Questioning the estrogencity of soy lecithin


#1

Continuing the discussion from The Real Problems With Soylent Are Not Fixed In Version 1.1:

I finally had time to read the study, and I don’t think it’s as strong or clear as these quotes from the abstract imply.

As always, the usual caveat applies that a single study can only IMPLY something, not conclude it… and so far, this is the only study I know of finding an estrogenic effect from soy lecithin.

They were apparently the first to use the YES method (genetically engineered yeast with human genes in them) to evaluate the estrogenicty of soy lecithin, because they note that they could find no standard extraction method in the literature, (they decided to extract with acetone.) They weren’t able to find any known estrogenic soy isoflavone in the extract, but they did see the GMO yeast react as if there were an estrogenic comound, prompting them to speculate, “a so-far unidentified estrogenlike compound is present in soy lecithin. Whether this chemical is of soy origin or is a contamination during production remains to be answered.”

I’d like to see confirmational studies, perhaps using a different extraction method or discussing/confirming the validity of the method, confirming that this is not a false positive from the yeast (always a risk with a reaction to an “unknown.”), and I’d like to see different soy lecithin sources - they did not use a commercial food lecithin source, but rather, two different brands soy lecithin sold as supplements that they picked up on a spur of the moment in “local drug stores.” Lastly, I’d like to see this done with other, non-soy lecithin sources - sunflower lecithin, chicken yolk or other animal lecithin. If soy lecithin is estrogenic, but it contains no soy isoflavones, it’s reasonable that lecithin, itself, may be estrogenic - and we may have the exact same result from all vegetable sources of lecithin, or even from animal sources of lecithin.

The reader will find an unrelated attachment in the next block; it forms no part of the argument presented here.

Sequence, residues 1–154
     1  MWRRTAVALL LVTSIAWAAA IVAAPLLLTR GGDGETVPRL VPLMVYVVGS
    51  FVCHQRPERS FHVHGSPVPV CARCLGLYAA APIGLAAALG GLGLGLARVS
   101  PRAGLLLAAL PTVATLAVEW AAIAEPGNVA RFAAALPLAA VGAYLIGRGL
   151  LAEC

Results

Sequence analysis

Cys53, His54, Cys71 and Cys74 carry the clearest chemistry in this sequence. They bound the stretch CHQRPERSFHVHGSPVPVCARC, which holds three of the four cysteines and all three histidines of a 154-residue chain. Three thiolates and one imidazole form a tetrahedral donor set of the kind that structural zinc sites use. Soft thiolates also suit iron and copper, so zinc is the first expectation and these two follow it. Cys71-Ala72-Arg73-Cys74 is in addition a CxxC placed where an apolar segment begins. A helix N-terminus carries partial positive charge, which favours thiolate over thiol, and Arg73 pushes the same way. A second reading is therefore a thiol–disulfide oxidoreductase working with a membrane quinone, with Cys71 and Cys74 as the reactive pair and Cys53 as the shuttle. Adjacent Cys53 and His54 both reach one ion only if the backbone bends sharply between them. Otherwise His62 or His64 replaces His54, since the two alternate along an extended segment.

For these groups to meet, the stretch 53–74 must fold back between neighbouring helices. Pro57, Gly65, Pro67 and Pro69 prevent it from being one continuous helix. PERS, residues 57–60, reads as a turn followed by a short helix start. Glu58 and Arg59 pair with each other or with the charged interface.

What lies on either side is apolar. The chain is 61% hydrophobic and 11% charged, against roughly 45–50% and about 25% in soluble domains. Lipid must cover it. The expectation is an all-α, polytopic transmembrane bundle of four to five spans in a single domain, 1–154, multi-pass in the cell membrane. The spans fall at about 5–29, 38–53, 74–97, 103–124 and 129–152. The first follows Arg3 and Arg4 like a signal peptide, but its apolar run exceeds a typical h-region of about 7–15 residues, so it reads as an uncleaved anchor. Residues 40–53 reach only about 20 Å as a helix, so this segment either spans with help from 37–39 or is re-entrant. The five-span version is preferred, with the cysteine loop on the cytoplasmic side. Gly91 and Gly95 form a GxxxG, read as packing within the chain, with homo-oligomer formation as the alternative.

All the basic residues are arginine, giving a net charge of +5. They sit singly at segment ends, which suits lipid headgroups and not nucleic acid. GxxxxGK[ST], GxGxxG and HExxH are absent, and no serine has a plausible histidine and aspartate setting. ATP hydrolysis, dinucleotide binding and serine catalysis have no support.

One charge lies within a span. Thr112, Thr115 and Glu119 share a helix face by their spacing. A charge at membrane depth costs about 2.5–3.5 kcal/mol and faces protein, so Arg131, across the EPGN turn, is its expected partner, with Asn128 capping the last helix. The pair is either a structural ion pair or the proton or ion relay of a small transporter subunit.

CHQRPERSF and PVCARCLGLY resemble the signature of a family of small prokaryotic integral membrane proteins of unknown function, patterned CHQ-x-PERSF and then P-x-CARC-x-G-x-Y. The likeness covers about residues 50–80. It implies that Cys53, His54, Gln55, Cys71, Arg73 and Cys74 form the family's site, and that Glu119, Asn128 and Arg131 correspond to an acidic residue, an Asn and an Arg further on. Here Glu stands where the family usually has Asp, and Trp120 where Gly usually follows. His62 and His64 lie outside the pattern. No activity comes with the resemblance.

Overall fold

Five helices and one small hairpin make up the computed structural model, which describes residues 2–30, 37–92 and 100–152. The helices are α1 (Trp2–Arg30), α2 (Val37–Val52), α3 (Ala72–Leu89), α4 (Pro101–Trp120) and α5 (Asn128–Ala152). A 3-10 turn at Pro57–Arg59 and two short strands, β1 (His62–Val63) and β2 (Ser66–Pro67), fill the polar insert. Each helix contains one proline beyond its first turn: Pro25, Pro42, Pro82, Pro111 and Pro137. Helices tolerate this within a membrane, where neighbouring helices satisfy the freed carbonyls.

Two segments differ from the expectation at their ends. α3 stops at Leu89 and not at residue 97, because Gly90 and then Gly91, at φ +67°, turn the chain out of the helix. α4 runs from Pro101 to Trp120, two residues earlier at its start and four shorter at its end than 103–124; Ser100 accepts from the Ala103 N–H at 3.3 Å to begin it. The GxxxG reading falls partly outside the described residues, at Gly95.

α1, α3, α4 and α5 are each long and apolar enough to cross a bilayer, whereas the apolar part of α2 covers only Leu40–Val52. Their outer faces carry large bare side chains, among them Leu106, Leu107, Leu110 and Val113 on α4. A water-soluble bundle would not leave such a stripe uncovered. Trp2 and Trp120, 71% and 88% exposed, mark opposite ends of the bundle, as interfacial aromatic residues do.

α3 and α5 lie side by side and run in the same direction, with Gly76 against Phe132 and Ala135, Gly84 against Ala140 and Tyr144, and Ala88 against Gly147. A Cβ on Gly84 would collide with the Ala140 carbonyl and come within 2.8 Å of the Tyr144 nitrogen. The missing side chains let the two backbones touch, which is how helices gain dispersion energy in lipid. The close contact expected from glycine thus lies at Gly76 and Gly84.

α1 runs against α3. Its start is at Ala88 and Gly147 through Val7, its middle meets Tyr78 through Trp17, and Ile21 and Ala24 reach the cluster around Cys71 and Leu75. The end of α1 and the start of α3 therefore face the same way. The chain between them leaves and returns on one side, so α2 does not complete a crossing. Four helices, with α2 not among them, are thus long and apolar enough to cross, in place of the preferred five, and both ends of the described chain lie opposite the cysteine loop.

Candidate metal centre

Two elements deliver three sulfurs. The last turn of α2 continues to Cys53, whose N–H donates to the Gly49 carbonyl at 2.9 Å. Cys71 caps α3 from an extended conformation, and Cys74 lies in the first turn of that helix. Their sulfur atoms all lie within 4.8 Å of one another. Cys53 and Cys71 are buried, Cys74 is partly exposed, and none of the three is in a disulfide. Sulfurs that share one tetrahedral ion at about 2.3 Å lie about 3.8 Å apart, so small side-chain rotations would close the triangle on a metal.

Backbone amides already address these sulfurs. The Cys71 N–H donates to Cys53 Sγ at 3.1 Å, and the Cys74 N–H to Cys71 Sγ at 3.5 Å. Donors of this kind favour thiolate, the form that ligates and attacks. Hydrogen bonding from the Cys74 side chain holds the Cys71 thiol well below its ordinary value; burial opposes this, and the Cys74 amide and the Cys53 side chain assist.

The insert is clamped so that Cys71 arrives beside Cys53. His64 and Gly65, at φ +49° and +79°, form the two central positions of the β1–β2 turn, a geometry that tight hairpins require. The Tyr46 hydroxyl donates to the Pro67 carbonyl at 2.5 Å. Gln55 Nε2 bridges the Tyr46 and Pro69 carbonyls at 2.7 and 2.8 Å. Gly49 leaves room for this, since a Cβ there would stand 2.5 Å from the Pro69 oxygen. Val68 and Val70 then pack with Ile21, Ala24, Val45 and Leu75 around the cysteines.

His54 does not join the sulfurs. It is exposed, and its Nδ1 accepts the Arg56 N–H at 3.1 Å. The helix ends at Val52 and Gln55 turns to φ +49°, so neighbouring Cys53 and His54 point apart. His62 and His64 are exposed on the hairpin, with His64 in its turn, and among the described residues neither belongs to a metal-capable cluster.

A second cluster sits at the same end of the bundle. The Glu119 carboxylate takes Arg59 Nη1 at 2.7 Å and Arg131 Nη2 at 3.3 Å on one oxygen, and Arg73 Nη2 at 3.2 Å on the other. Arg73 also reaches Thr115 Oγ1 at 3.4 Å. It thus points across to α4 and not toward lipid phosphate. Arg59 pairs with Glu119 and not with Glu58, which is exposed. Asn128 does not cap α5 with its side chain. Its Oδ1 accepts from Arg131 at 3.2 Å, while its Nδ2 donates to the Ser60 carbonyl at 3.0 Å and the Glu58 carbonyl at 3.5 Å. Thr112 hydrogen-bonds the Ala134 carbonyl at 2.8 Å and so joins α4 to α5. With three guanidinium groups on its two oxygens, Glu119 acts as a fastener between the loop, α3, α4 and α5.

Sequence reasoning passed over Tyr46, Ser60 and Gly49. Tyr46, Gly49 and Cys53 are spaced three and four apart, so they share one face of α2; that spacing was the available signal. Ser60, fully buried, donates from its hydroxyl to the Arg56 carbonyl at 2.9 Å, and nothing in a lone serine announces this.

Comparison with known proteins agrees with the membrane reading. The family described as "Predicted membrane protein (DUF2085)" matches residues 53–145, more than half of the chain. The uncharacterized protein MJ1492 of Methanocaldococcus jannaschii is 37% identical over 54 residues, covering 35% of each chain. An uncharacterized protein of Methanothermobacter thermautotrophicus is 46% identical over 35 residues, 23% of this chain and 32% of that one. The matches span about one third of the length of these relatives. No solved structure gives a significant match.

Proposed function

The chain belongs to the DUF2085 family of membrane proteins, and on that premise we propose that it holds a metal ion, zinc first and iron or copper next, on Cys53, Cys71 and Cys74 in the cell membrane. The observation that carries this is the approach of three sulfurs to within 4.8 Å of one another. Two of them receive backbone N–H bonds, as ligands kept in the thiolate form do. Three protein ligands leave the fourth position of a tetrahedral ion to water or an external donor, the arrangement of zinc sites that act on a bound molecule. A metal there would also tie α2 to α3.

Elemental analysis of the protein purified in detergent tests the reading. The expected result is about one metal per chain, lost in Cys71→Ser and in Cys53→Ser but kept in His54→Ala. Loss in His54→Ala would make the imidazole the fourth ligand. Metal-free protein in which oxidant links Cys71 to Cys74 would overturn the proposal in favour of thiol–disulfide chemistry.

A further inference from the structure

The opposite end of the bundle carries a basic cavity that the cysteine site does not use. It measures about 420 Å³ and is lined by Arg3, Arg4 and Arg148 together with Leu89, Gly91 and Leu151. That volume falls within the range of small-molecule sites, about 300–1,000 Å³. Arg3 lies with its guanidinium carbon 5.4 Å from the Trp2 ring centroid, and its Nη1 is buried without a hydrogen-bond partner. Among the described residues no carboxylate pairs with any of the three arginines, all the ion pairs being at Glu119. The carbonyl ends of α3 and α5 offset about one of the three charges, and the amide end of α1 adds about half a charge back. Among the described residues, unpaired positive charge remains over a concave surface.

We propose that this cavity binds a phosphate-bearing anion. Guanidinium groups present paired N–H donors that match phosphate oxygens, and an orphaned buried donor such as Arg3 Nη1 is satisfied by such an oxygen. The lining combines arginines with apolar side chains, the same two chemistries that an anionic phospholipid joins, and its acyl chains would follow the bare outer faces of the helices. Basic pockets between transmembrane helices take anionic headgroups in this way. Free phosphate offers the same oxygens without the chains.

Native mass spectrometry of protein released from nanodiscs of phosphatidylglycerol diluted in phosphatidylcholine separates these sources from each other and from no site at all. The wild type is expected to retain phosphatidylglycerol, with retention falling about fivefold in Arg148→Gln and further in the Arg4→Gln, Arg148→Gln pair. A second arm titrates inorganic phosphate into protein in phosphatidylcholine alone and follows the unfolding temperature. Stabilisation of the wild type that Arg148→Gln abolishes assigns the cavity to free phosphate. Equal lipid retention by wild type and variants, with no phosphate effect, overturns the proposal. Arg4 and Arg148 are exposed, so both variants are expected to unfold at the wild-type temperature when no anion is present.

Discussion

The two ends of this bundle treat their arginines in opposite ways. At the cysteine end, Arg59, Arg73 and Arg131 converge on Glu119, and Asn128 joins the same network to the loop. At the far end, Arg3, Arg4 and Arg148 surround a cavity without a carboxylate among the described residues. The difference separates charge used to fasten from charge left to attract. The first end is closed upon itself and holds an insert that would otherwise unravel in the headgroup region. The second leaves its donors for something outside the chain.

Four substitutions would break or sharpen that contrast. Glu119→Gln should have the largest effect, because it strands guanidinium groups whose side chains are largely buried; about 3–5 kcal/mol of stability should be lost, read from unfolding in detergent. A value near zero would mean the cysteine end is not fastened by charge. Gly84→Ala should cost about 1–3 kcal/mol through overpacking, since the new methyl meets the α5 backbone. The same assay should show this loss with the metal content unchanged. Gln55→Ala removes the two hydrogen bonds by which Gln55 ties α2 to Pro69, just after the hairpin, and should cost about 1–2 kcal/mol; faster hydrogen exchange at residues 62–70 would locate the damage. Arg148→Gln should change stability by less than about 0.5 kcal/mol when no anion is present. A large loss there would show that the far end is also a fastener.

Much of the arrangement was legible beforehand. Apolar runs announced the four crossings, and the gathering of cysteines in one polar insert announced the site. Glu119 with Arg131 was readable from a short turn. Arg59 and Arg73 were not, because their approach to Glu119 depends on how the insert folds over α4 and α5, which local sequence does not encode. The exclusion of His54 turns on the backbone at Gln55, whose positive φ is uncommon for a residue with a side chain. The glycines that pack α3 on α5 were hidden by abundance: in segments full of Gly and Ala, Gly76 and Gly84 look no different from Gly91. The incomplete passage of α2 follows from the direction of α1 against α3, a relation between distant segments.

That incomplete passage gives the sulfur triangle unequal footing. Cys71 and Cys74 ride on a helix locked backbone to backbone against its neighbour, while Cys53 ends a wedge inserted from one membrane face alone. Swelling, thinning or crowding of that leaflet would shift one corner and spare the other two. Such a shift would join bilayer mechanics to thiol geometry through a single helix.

The food product in the study of most interest to us in the liquid food community were five types of cow’s-milk based infant formula. Of the five formulas, the first three contained lecithin, and the last two did not. They got estrogenic responses as shown in the following chart:

Because F1 and F3, which contain soy lecithin, were so much higher than F5, which had no soy lecithin, they wanted to look into whether lecithin was causing the spike - that’s why they picked up the supplements from the drug store to test, in the first place. But note also how high F4 is, which has no soy lecithin… and note that the LOWEST estrogenicity was from F2, which did, in fact, have soy lecithin. It’s not unlikely, to me, that we’re seeing the effects of variability in the amount of residual hormonal compounds in another ingredient - the cow’s milk.

Lastly, the estrogen equivalency levels they got from these infant formulas, which, like Soylent, probably use the lecithin as an emulsifier, never got as high as 25. for comparison, most of the cheeses they tested scored higher than the infant formulas (as high as 40). One of the authors’ main comments was, “we conclude that dietary estrogens are omnipresent and not limited to soy-based food.” For reference and perspective, three different tofu they tested all scored in the range of 1,000. Not only is soy lecithin in a drink less estrogenic than tofu, it’s apparently less estrogenic than cheese.